So I read WITHER (Chemical Gardens #1) by Lauren DeStefano, and … I didn’t like it. Maybe later I’ll do up a post about why, because the reasons are not restricted to DeStefano but rather endemic to the YA dystopia genre as a whole, but for now, I’ll say this: her writing is absolutely beautiful, her way with words something to be aspired to, so it’s a shame that her world-building is so unbelievably shoddy.
At any rate, I was perusing the reviews on Goodreads when I came across a trend that was, well, unsettling. Many reviewers disliked the main character, Rhine. Personally, I did not find Rhine compelling, so I was interested to see what other people had to say about her. What they said is that Rhine annoyed them because what’s the big deal? What the heck was she complaining about? Whereas most people live in abject poverty — Rhine and her brother once found an orphan frozen to death on their front stoop — Rhine now gets to live in a magical fairyland of beautiful clothes, exotic foods, and untold riches. Wah, wah, wah, poor little rich girl, the reviewers say; suck it up.
Fair enough, except Rhine is a 16-year-old child bride, kidnapped from her home and sold to a clueless wealthy man with two other girls, expected to bear his children and offer up sex whenever he wants it.
There’s a word for this, guys: marital rape. The only reason it isn’t statutory is because the laws have been changed to make 13 the age of consent.
There is no amount of strawberries, candies, bubble baths and diamond gowns that makes having to provide sex to anyone else okay. Several reviewers said they would be thrilled to be in her situation, and could not sympathize with her because she was dissatisfied. What’s so bad about having to put out a few times a week — especially when the guy is young and hot — when the alternative is scrounging for food in the ruins of Manhattan? Just lie back, spread ‘em, and enjoy the perks, for pete’s sake.
I don’t even know what to say to these people, except: gross, and ew, and no. It reminds me of the story of a Buffy fan who screamed at James Marsters that she would happily let him rape her — this leads me to believe that when it comes to sexual assault, a lot of people have no effing clue what they’re talking about.
This is a girl who was ripped from her home, who is a virgin, who is afraid, who desperately misses her twin brother, and who cannot be persuaded into thinking that wealth and comfort are an appropriate exchange for giving up her sexual autonomy. And people think she’s crazy.
Yes, this life could be a tantalizing alternative for someone living in poverty — but that doesn’t stop it from being icky, due to the tremendous imbalance of power and control in that situation. It’s even more icky when people think that the choice should be removed, that it’s unreasonable for a girl to not want to be a sex-slave. (This is the part where my inner monologue turns into Sassy Gay Friend: “What – what – what are you doing? Look at your life! Look at your choices!”)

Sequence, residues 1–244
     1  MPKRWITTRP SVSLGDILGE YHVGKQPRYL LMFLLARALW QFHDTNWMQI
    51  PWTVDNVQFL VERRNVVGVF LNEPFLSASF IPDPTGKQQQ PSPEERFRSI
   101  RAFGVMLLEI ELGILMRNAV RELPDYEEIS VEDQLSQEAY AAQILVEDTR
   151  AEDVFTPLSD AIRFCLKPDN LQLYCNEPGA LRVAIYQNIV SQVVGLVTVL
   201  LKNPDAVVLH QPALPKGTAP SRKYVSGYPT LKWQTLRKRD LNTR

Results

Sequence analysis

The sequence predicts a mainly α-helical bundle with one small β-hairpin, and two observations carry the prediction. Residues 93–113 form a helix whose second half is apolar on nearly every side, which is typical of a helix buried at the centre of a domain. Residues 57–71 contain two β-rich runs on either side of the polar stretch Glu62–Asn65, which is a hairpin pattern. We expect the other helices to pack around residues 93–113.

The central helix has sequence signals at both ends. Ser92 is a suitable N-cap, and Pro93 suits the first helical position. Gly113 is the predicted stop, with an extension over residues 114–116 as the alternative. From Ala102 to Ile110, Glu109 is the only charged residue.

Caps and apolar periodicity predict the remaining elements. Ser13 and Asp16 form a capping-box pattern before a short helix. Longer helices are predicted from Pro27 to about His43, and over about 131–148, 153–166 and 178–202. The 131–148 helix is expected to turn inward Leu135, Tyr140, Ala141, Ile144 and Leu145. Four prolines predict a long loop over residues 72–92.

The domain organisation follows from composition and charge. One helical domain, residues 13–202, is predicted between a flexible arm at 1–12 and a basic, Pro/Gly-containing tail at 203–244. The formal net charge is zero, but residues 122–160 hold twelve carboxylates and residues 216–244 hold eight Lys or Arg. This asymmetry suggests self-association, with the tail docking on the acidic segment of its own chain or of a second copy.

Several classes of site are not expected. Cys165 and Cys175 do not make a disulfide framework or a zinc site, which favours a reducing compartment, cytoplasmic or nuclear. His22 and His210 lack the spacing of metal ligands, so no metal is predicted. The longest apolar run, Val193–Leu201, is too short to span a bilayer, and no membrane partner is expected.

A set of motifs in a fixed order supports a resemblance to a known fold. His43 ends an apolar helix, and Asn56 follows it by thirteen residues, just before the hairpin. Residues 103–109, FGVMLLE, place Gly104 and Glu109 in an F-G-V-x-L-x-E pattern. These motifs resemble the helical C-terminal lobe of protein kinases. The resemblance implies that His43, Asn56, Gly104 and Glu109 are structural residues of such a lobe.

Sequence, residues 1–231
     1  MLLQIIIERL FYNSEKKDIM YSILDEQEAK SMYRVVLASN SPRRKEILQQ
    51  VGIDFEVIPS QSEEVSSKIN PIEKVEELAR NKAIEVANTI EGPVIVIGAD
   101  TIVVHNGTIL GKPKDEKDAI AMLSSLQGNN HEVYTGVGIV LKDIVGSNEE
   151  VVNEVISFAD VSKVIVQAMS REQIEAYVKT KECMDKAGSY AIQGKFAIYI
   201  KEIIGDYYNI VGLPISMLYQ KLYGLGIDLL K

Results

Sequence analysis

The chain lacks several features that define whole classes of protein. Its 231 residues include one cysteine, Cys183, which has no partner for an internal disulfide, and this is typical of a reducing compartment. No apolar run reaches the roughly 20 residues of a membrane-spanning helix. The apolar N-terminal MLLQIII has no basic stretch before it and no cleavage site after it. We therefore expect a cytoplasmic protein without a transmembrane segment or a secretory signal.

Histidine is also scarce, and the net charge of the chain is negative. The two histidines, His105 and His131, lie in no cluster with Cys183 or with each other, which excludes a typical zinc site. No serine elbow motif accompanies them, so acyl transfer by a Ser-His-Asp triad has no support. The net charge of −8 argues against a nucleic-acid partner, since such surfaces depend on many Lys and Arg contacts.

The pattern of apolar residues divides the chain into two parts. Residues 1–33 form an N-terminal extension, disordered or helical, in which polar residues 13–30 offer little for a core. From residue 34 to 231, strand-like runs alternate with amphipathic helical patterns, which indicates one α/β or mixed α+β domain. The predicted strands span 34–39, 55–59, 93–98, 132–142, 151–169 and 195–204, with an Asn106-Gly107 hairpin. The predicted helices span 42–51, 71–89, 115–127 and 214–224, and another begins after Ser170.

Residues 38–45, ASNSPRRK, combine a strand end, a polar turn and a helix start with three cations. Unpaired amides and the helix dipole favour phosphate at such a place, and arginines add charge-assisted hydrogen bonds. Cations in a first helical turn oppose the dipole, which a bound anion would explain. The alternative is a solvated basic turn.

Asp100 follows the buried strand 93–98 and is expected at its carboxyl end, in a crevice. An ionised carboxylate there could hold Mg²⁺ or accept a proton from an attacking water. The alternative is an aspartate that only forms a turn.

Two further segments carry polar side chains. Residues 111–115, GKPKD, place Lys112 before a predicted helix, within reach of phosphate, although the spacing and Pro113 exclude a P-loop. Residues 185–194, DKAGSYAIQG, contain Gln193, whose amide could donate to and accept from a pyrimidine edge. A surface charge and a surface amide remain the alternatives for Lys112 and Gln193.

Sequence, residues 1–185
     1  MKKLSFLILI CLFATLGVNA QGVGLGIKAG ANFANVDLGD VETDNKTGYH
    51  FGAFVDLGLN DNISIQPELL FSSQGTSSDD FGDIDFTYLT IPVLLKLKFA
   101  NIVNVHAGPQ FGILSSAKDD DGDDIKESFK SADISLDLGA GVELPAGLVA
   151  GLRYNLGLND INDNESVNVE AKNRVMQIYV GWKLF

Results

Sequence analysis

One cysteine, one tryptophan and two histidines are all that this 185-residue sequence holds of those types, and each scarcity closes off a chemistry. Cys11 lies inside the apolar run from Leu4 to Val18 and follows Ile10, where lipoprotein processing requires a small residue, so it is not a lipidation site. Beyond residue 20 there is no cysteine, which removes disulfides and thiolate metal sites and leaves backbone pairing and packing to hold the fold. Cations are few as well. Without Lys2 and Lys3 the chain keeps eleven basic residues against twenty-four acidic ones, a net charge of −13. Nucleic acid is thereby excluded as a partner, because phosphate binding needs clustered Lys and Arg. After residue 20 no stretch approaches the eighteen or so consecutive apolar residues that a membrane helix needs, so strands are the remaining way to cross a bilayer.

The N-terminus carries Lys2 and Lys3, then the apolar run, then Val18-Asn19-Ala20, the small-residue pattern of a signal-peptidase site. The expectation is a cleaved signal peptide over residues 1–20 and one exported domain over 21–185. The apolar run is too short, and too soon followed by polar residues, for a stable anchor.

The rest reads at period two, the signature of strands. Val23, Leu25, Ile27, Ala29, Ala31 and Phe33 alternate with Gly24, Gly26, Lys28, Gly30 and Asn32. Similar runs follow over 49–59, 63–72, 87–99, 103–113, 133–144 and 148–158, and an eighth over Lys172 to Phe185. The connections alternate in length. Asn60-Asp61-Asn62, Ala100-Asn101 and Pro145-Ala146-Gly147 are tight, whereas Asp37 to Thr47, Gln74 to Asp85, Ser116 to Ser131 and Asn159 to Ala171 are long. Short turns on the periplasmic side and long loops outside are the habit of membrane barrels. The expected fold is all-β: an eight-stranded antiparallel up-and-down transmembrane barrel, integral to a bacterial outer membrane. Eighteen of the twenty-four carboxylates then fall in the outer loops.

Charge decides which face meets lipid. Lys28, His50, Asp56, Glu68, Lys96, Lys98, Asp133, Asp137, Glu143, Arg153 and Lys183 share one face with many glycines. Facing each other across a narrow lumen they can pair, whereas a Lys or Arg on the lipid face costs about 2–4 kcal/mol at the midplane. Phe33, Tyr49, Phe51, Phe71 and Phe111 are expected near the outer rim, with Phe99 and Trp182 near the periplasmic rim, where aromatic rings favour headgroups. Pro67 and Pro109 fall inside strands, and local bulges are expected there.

It also ties into a larger social problem, which is this — “It’s not a problem for me, so I don’t see why it should be for anyone else.” Just because one person sees no problem in trading sex for luxury does not make that a valid choice for everyone. This is not an okay argument ever, but I see it all the time, in discussions of gender, or politics, or religion, or pretty much anywhere on the Internet.
These discussions raise huge red flags for issues of consent and sexual autonomy obligation in society that make me really uncomfortable. We are a sexually-liberated society (to an extent) and that is a good thing (sometimes). But do we really want to be in a place that shames a young, terrified girl for saying no to being coerced into sex? Do we want to belittle someone who is hesitant to hand over not just her virginity but the rights to her own body just because someone else gives her stuff? I sure don’t.
Sexual freedom is about the ability to say no, and to have that no be respected, just as much as it is about saying yes without shame.
It frightens me that people are willing to look at a book involving the wholesale trade and enslavement of young girls in exchange for wealth and privilege, and see no problem with it. Maybe it’s “just a book”, but the people writing these reviews are real people who live in the real world, and I’m aghast to see this attitude spreading. I see it on the Internet, but also in scarier places like politics and law enforcement. Look what happens to prostitutes. Look what happens to rape victims (sorry, “rape accusers”).
The premise of this book is absolutely ridiculous, but the social rules are, apparently, all too plausible for many — and that, my friends, is terrifying.